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STOP AIDS! – When Did You Last Check Your HIV Status?
December 1, 2020
This article looks at why it is import to know your HIV status. “Young people (15-24 years) account for 40% of all new adult HIV infections. Each day, more than 2,400 young people become infected with HIV infection – some 5 million young people are living with HIV ” – UNFPA.
Data from UNAIDS for 2017 suggests that Nigeria has the second largest HIV epidemic in the world.
Estimates suggest that over 3.1 million Nigerians are living with HIV.
About two-thirds of new HIV infections in sub-Saharan Africa occurred in Nigeria.
However – only about 38% of Nigerians are aware of their HIV status.
This means we may not know the exact number of Nigerians living with HIV.
It also suggests that the risk of transmitting HIV in the Nigerian population may be higher than we know.
The good news is that Nigeria recorded a 5% reduction in new HIV infections between 2010 and 2017.
The full meaning of HIV is ‘Human Immunodeficiency Virus’.
When the virus (HIV) enters the human body, it multiplies in the white blood cells (WBC).
The WBC usually helps the human body fight infections.
They are important to your immune system.
By infecting and multiplying in your WBCs, HIV infection attacks the cells that are supposed to protect you.
As a result, your immune system over a period of time gets weaker and weaker.
However, how long it takes to significantly weaken and destroy the immune system depends on your health status.
AIDS (which means Acquired Immunodeficiency Syndrome), is the result of HIV infection progressing to a point where the body’s immune system becomes weakened and destroyed.
Now, this can happen slowly in many people, taking on the average up of 10 years to advance into AIDS if the HIV infection is not treated.
At this point, the body is unable to fight off infections and diseases, which can be life-threatening. This can happen in either of two situations:
So, the first step is to be aware of your HIV status by taking the HIV test and getting the right counselling.
Secondly, you need to start receiving appropriate treatment immediately if you test positive to HIV.
Early treatment of HIV infection would stop the infection from progressing to AIDS.
While every one of us has a fear of the unknown, and the stigma (discrimination) against people living with HIV, this should not discourage you from knowing your HIV status.
This is because a positive HIV test does not mean that you have AIDS.
It only means that you have the HIV infection.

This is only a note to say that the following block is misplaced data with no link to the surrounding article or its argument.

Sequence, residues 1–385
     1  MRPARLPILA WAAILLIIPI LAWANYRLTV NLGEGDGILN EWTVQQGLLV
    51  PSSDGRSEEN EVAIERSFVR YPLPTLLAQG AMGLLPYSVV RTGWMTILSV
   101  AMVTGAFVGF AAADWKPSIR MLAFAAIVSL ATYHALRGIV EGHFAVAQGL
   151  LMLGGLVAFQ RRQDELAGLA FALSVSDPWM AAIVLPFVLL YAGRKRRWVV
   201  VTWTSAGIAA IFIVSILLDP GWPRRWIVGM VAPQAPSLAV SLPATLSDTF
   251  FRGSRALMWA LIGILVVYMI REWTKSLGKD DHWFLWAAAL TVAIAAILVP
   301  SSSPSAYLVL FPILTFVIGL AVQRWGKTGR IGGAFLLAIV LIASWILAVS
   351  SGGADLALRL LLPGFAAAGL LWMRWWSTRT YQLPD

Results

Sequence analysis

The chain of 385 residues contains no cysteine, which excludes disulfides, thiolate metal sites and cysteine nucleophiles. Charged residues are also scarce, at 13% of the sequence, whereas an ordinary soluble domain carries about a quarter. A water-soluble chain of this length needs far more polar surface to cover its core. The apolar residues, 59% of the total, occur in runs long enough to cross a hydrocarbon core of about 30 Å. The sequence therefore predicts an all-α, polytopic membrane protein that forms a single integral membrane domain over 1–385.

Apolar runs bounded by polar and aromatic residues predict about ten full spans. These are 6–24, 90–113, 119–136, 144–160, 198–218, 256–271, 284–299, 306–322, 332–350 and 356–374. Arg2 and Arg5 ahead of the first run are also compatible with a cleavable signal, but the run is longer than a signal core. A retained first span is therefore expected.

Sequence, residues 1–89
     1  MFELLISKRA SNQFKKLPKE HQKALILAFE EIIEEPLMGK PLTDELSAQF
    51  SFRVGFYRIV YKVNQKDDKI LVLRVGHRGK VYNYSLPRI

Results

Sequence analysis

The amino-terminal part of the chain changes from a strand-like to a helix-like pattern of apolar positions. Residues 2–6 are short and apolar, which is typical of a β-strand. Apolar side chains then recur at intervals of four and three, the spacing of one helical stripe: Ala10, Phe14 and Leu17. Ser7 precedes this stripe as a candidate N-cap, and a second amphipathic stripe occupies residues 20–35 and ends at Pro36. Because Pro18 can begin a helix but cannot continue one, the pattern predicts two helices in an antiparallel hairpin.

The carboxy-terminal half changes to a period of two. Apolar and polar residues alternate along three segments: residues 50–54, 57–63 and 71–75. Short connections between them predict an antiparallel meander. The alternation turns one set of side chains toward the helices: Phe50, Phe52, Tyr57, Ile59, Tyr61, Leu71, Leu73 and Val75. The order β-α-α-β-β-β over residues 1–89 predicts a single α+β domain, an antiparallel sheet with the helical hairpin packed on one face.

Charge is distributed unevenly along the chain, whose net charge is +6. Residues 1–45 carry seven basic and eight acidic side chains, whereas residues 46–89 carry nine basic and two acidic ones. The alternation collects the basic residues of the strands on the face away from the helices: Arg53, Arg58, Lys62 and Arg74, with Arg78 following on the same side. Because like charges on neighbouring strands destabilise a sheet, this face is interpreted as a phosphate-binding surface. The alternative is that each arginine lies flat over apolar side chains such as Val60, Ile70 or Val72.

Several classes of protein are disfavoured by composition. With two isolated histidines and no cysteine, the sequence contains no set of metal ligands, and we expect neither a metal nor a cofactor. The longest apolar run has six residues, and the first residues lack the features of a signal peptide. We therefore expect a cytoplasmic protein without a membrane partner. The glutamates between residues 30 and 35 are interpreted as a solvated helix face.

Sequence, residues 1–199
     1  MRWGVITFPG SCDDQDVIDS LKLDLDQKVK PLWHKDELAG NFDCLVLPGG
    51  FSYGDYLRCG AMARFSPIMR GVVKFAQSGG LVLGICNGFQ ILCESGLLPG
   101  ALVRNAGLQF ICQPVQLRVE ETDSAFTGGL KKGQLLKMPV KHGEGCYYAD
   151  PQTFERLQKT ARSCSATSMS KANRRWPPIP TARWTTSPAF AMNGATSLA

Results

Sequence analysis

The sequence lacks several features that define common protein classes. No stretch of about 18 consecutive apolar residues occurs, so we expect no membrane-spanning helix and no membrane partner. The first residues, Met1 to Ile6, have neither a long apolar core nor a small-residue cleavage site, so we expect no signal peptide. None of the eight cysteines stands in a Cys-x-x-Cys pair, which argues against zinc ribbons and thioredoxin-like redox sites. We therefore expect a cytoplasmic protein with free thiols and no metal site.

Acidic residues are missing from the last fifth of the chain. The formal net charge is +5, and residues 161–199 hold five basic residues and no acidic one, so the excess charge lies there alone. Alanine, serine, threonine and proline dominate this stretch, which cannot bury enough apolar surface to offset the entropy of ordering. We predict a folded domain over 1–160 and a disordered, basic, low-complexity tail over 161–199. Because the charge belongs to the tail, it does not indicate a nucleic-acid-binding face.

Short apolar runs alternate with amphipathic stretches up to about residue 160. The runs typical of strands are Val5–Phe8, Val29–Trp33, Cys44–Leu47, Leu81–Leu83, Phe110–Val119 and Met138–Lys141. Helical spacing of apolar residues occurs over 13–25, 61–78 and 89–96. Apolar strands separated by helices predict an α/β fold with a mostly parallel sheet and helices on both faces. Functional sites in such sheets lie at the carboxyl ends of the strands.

It is not a death sentence.
People with HIV infection can enjoy a long and healthy life if they receive appropriate treatment.
We call the medications we currently use in treating HIV infection Antiretroviral drugs and – they are very effective.
If you are HIV positive, antiretroviral therapy helps to keep you in stable health and reduces the amount of the virus (viral load) in the body.
Over time, the virus numbers become “undetectable” in your blood as long as you are receiving the appropriate treatment.
Another therefore, another benefit is that the lower viral loads reduce the risk of HIV transmission.
And it means that somebody who is HIV positive (and receiving appropriate treatment) cannot transmit or infect their partner or contact.
Studies such as the PARTNER study published in the Journal of the American Medical Association (JAMA) on the 12th of July, 2016 have proven this fact:
Undetectable equals Untransmittable.
To summarise, these are the 8-points we need to know about HIV and AIDS:
Are you still unsure about checking your HIV status today? Talk to us here; or call UNFPA on Glo: 07058890112, Airtel: 07080601771.
For more information, you can visit:
Editing by AskAwayHealth Team
All AskAwayHealth articles are written by practising Medical Practitioners on a wide range of health care conditions to provide evidence based guidance and to help promote quality health care. The advice in our material is not meant to replace management of your specific condition by a qualified health care practitioner.
To discuss your condition, please contact a health practitioner or reach us directly through firstname.lastname@example.org
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